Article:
If someone asked you to define quality in radiology, what would you say? The precise definition of quality is certainly nebulous, but it has never mattered too much—until now. Under fee-for-service reimbursement, imaging programs measured quality as performance in patient safety, efficiency, and volume growth. These measures were sufficient for the stakeholders radiology served—patients knew they were safe, referrers received reports quickly, and hospitals reveled in financial growth—and nothing more was expected of us. Fee-for-service reimbursement, however, is disappearing. In this era of value-based payment, we must actively combat the risk of commoditization (including payors’ steering of patients to the lowest-cost site of care—regardless of quality—and patients’ heightened price sensitivity as high-deductible health plans proliferate). Imaging leaders must demonstrate the quality of their programs if they wish to remain providers of choice. Efficient service and healthy growth, while still necessary in this value-based world, don’t go far enough. Imaging has to help its stakeholders achieve their goals in the accountable-care environment: We have to prove our value. While value, like quality, can mean many things, radiology’s value proposition now hinges both on its ability to deliver the best possible product and on its willingness to assume new responsibilities. Success in both components will improve care and control cost—the primary goals of accountable care. What does this look like? First, we have to elevate our core competency: the interpretation and report. Next, we must extend our roles to include participation in care coordination and, more broadly, population-health management. Perfecting Image Quality The first step in creating radiology’s core product is image acquisition. Any error in acquisition can affect the ability of physicians to interpret the exam, delaying patient care and increasing costs. To ensure image quality, strong technologist performance must first be secured. While many programs formally evaluate technologists using various measurements, it is time to move beyond conventional review grids (Figure 1). UCLA Health (Los Angeles, California), for example, reviews technologists annually on high-risk, low-volume exams; these assessments ensure that technologists retain those rarely required (but critical) competencies.
The person best suited to evaluate image quality is a radiologist; as one study1 shows, however, radiologists and technologists might have very different opinions. When presented with the same 122 CT exams of the head, technologists rated image quality as poorer than radiologists rated it. In addition, technologists indicated that they would opt to repeat exams at twice the rate that radiologists would. To address this discrepancy, radiologists at Magee-Womens Hospital of UPMC (Pittsburgh, Pennsylvania) alert administrators if they notice any exams with high repeat rates or frequent technologist errors. Then, managers review a sample of three to five exams for each technologist and organize an education session for the whole team. The facility’s PACS also allows radiologists to provide feedback to technologists in real time. Repeating exams can result in unnecessary costs, time, and radiation dose. Allowing radiologists to provide feedback, both positive and negative, can simultaneously educate technologists on proper image acquisition and alert program leaders, if remedial action is necessary. Improving Interpretation Accuracy Once the image has been acquired, the next step is the radiologist’s interpretation. Peer review is perhaps the most common way to evaluate radiologists’ accuracy; however, some programs are starting to take a more expansive view of radiologists’ performance by soliciting external feedback. The peer-review process has traditionally taken one of two forms: retrospective workstation-integrated review or prospective double interpretation and review. The lack of standardized methodology across programs and the inherent subjectivity of peer review make it an imperfect measure, however. One common criticism of peer review is that it can create a competitive environment and strain personal relationships. Providing the opportunity to give positive feedback can shift the culture to one of collaborative, nonpunitive improvement. Consulting Radiologists (Minneapolis, Minnesota) added a Great Catch button to the peer-review system so that radiologists can commend each other for exceptional work. Some organizations are moving beyond peer review by providing tools prior to interpretation, as a noncompetitive tactic for preventing errors. One major teleradiology provider has created structured report templates, both to guide radiologists through the interpretation and to standardize the report framework. In addition, if the study is one of 25 considered to be at highest risk for radiologist error, a risk-assessment box with Do Not Miss recommendations alerts the radiologist before he or she begins the interpretation. Providing these tools has allowed this provider to improve accuracy proactively—and without targeting individual radiologists. Another way to support the interpretation is to provide radiologists with comprehensive patient-history information. Massachusetts General Hospital in Boston created an IT platform called the Queriable Patient Inference Dossier, or QPID, which allows radiologists to request additional patient information (such as chronic-disease history, pathology reports, and even operative results). While there has been debate over whether this information can create bias in the interpretation, the transition to population health necessitates a patient-centered approach; in turn, this calls for access to any relevant patient information. Ultimately, if you want to confirm that your radiologists are doing a good job, you need to ask your stakeholders. Spectrum Medical Group (South Portland, Maine) sends out 360-degree reviews (multisource assessments) to various stakeholders who are in regular contact with each radiologist. These subspecialty-specific surveys are sent, every other year, to referrers, peer radiologists, hospital radiology directors, technologists, and others who evaluate radiologists on clinical, service, and interpersonal skills. These results are then incorporated into formal radiologist reviews. Coordinating Patient Care To demonstrate value in today’s world, traditional interpret-and-report radiology is insufficient. Imaging programs must now look beyond the core product and consider how imaging fits into the larger care continuum. Once you have elevated clinical performance to demonstrate value, it is time to add value. One method is verifying the referrer’s comprehension of the radiology report. If the referrer does not see the report, patient care might be completely ignored—and the radiologist’s work rendered useless. Gundersen Health System (La Crosse, Wisconsin) recently introduced a comprehensive case-tracking program for follow-up contact with referring physicians. If follow-up care is needed, the radiologist makes a note during dictation. A staff member runs weekly reports from the PACS, compiles a list of cases that require follow-up care, and sends messages to the appropriate referrers through the electronic medical record. These messages don’t just ask referrers to confirm that reports have been received; they require referrers to indicate their plans of action. Asking for this level of detail does two things. First, it ensures the active engagement of physicians in patient care, making sure that physicians have actually read through, absorbed, and acted on the radiology report. Second, it closes the communication loop between the referrer and the radiology department; the department keeps a record of each physician’s response as documentation that the patient’s care was successfully handed off to him or her. This follow-up system relies on the coordination of care (from the radiology department to the referrer), but what if the patient comes to the radiology department from the emergency department and has incidental findings that need follow-up care? In this case, the radiology department contacts the patient’s primary-care physician, rather than the referrer from the emergency department. If a patient doesn’t have a primary-care physician to receive results and coordinate follow-up care, the radiology department sends the patient a letter instructing him or her to call and schedule an appointment with an internal-medicine resident. In this way, the radiology department has gone from just producing reports to making sure that they have been properly used. The program looks beyond the walls of the department and assumes responsibility for connecting patients with downstream care. Managing Population Health Risk-based payment models—and value-based care, more broadly—require providers to zoom out from individual, episodic patient care and manage the health of populations across the larger care continuum. Radiology is not exempt from this mandate; in fact, as a diagnostic service, its importance is heightened. If radiology programs remain segregated from the systems that they serve, they run the risk of being excluded from reform strategy and might miss the opportunity to share expertise. Two ways that radiology can add value in population-health management are the promotion of patient activation and the demonstration of the impact of imaging on a care pathway. Patient activation is a measure of engagement in (and general ability to manage) one’s personal health care; improving patient activation has been shown2,3 to increase satisfaction, medication adherence, and quality of life significantly—while lowering patient costs. Inactivated patients, in contrast, might not show up for imaging exams and might not return to their physicians following their exams. Imaging providers must prevent this from happening by actively engaging patients—from scheduling to results delivery. Staff members can call patients ahead of time to answer questions, technologists can confirm the patient’s comprehension of the exam, radiologists can explain results, and front-desk staff can encourage patients to call with questions after the exam (Figure 2). In addition, radiology programs are beginning to add value for risk bearers by demonstrating the impact of imaging on specific care pathways, for both screening and diagnostic exams.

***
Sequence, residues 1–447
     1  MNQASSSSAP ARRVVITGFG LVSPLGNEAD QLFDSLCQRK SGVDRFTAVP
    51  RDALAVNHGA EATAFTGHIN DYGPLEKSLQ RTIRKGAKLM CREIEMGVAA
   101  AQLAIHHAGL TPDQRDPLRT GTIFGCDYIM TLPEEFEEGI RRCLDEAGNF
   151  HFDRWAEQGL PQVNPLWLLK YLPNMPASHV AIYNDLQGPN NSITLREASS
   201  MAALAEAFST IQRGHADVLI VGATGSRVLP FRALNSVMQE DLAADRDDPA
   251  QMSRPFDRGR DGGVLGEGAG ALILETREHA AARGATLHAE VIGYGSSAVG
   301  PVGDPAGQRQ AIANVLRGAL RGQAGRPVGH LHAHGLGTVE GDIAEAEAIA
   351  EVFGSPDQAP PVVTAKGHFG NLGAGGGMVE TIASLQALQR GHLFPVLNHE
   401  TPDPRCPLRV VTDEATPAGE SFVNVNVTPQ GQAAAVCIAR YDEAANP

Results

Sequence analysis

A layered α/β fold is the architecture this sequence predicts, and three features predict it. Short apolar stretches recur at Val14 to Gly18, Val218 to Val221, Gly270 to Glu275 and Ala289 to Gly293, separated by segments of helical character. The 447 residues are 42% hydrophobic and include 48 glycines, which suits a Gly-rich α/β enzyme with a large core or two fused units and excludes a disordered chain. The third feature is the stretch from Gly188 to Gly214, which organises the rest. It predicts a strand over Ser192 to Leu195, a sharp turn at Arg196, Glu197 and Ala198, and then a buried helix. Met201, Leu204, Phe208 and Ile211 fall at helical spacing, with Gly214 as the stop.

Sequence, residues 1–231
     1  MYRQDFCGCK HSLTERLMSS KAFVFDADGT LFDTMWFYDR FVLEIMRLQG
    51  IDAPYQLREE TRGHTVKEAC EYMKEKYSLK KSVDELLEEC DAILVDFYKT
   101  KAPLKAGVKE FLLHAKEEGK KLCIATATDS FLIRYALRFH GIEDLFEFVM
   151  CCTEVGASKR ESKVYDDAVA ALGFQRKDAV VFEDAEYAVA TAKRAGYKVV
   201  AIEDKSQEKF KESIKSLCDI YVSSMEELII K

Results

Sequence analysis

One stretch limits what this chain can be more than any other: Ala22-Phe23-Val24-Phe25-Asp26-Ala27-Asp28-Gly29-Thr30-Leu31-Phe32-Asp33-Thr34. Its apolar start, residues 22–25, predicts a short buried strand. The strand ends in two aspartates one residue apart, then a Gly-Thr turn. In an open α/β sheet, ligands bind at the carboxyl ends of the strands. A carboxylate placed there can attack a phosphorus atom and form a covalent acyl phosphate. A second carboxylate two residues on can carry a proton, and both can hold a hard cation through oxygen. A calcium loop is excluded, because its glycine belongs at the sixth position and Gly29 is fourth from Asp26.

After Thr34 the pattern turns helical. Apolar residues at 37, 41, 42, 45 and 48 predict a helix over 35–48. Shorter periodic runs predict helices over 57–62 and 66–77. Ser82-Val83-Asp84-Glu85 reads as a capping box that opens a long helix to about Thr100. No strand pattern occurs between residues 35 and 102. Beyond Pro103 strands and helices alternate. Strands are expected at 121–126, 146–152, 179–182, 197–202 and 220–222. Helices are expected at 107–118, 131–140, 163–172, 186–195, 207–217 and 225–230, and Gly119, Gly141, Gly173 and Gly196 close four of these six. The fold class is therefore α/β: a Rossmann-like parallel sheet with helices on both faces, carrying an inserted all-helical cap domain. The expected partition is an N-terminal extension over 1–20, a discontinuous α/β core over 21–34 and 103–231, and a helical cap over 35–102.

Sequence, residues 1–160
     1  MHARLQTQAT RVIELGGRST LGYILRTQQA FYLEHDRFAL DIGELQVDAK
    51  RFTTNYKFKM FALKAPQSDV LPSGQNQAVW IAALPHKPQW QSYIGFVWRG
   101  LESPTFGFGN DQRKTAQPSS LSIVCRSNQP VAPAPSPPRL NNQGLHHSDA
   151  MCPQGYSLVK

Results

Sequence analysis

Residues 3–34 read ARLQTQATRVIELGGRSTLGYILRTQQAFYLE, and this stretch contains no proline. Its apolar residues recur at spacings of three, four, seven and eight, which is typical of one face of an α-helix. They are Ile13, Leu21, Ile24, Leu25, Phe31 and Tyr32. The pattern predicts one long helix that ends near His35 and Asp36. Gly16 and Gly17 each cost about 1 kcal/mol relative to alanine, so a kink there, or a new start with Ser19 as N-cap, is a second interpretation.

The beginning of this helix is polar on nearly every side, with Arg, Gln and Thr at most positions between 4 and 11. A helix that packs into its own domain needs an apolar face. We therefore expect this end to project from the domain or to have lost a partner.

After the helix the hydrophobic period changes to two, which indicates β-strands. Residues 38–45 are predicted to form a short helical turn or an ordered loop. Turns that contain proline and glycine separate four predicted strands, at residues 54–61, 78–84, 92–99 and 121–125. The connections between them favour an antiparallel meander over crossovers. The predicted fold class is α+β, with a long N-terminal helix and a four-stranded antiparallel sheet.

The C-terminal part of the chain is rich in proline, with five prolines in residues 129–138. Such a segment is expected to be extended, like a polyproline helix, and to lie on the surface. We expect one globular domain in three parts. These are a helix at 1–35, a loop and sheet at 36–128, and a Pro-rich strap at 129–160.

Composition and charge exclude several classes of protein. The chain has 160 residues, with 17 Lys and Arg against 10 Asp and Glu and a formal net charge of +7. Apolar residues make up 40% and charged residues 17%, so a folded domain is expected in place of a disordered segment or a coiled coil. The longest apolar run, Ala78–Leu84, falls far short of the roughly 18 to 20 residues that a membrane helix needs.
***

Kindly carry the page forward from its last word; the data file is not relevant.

When Baptist Health South Florida in Miami launched an initiative to improve quality and cost, radiologists took a proactive role by identifying clinical areas where imaging could affect those goals. They found that about 80% of emergency-department patients with chest pain were undergoing coronary angiography; this rate far exceeded the proportion of patients expected to be at high risk for coronary-artery disease. The radiologists created a new multidisciplinary committee to review the evolving research on the benefits of using coronary CT angiography (CCTA) to evaluate the need for invasive treatment. Ultimately, the committee drafted guidelines whereby emergency-department physicians assign chest-pain patients to one of five levels, corresponding with their risk of acute coronary syndrome. Often, level 4 patients (those at low-to-moderate risk) do not need coronary angiography and are thus diverted to CCTA first. The results of the CCTA exam then indicate the appropriate action plan for the patient—catheterization-laboratory procedures, additional imaging, or discharge. After a year, 60% of the emergency department’s chest-pain patients—triple the previous number—were undergoing CCTA, and both costs and lengths of stay decreased significantly for those patients.
Baptist Health South Florida isn’t the only organization evaluating CCTA to optimize care. Many institutions are instituting similar CCTA pathways, as multiple trials and studies4-6 have now revealed the significant benefits of using CCTA for specific patient indications (Figure 3). A study6 published just months ago found that the standard of care, when compared with the level 4 CCTA diversion, was associated with a 5.5 times greater risk of admission, a 1.6 times longer expected length of emergency-department stay, a fivefold greater likelihood of returning to the emergency department within 30 days for recurrent chest pain, and a sevenfold greater likelihood of invasive coronary angiography. Research on care pathways for certain populations clearly can add tremendous value for both patients and providers. One central tenet of population health is that homogeneous care does not sufficiently serve heterogeneous populations: Radiologist involvement in patient-centered, pathway-specific research is increasingly important as radiology faces commoditization and as population-health management demands innovation across the continuum of care. According to Richard Duszak Jr, MD, CMO and senior research fellow of the ACR® Harvey L. Neiman Health Policy Institute, if radiology doesn’t prove its value, it’s just a commodity. In order to survive, radiology must exhibit both clinical excellence and a commitment to improving the entire patient-care continuum. In doing so, it will present itself as an indispensable partner in providing high-quality care. Ben Lauing is a research analyst with the Imaging Performance Partnership at the Advisory Board Co.